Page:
Ethereum began existence as a proof-of-work protocol, and its developer community has been focused for several years on migrating to proof of stake. Newer protocols such as Cosmos have the luxury of starting there from scratch.

From my bench, huddled over our breakfasts, I enjoy a view of the open kitchen where the cook handles a wok a meter wide atop a whoosing gas fire. Blockchains are like kitchens and cooking styles. Some operate on wood fires, others on gas stoves, and others go in a microwave oven. Technology evolves and some versions die, others change, and a few endure as they find their value and the right user base.

I digress. I am ordering a coffee.

Kwun Yeung and Terence Lam

Yeung and Lam were not always in the crypto space. They were running a digital-transformation business called Creativeworks, helping clients exploit platforms like Google to do things like digital marketing. They were not happy with the monopolistic practices of centralized tech giants, but that seemed to be the nature of the world.

“We were not aware of bitcoin or crypto until a customer asked us to explore something related to the Internet of Things,” Yeung says. He bought a book, Introducing Etherem and Solidity, by Chris Dannen. (Solidity is the programming language often used for Ethereum-based projects.)

The duo absorbed its implications and decided first, they would rather go down the harder route of trying to decentralize the internet; and second, they did not want to build solutions on someone else’s chain: they would build their own.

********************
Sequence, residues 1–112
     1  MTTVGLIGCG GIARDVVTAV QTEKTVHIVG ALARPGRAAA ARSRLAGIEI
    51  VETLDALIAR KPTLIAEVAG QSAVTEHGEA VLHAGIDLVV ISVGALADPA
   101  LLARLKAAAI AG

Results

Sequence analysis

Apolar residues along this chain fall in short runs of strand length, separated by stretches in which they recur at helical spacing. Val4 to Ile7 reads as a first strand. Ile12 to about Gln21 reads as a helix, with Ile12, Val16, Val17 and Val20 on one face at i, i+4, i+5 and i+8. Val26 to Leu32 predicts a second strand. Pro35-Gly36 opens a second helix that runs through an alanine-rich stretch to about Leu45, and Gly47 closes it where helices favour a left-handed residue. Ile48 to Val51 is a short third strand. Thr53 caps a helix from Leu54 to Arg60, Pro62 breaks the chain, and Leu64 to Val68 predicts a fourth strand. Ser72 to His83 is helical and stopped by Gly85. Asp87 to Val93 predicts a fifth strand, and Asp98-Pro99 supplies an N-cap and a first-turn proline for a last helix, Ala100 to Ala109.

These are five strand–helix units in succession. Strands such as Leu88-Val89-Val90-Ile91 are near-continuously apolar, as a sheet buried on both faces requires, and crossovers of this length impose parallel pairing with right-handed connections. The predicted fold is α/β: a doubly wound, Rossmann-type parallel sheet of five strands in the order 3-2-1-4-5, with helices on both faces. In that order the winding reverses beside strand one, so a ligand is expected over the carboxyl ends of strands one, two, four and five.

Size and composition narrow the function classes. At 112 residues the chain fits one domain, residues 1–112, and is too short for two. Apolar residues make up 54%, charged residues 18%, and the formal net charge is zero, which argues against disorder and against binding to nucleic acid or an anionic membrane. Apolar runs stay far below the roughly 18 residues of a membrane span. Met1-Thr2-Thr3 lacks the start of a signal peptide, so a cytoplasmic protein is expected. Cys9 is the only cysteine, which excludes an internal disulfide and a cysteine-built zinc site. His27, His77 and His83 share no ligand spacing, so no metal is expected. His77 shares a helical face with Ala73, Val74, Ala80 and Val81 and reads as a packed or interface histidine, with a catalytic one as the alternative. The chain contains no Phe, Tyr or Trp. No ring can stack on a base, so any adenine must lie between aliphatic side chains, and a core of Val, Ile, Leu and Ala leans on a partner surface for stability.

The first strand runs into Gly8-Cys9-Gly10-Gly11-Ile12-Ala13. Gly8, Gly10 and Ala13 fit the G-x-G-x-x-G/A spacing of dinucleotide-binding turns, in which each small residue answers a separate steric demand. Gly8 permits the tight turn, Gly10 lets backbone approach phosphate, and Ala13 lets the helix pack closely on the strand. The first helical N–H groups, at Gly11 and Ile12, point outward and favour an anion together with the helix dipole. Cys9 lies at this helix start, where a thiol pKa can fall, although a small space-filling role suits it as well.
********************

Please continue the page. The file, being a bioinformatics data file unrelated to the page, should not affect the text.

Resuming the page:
Now they were falling down the rabbit hole. They discovered a consensus mechanism called Tendermint and its related project, Cosmos, which bills itself as “the internet of blockchains” (founded by Jae Kwon and Ethan Buchman). They created a new venture to become a validator and called it Forbole, which in Cantonese is a term for people good at discovering talent.

Yeung and Lam signed up for the startup journey: global blockchain conferences, meeting tech idols and fellow entrepreneurs; hackathons; angel fundraising. They focused on building a reputation and a track record. Today they are a rare early-stage blockchain startup from Hong Kong.

Their validator business brings in daily revenue and now includes more than 400 delegators from around the world. They launched a blockchain browser they called “Big Dipper”, a nod to being part of the Cosmos community. It now generates traffic from 2,000 cities in 120 countries: its source code is open-sourced, so any developer is welcome to copy and improve it.

Lam says that, beyond the validator business, the project they are really excited about is Desmos, a public blockchain for social media applications.

This surprises me. How can you decentralize a social network? I ask. Thinking about current news involving Facebook and Twitter, the industry looks like it’s in a real mess.

Desmos, I learn, is introducing programs for designing social networking that is based around user reputation, rather than a central platform that sets all the rules. Yeung says there is already one such network live on Desmos. It’s called Mooncake, although Yeung describes it as a “decentralized Twitter”.

Mai dan

We have been talking for quite a bit. The breakfast crush has subsided, and now the family running the bistro are grabbing a quick meal before the lunchtime rush.

The boss has already prepared my bill, which comes with a warm, friendly smile. We have made a lovely, peer-to-peer social connection right here.

Kam Bo Café

  • G/F, 53 Hong Keung Street, San Po Kong
  • Milk tea x3
  • Beef Noodles x1
  • Veg noodles x1
  • Egg Ham & toast x1
  • Total HK$99

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Block Kong Breakfast: Yeung & Lam, Forbole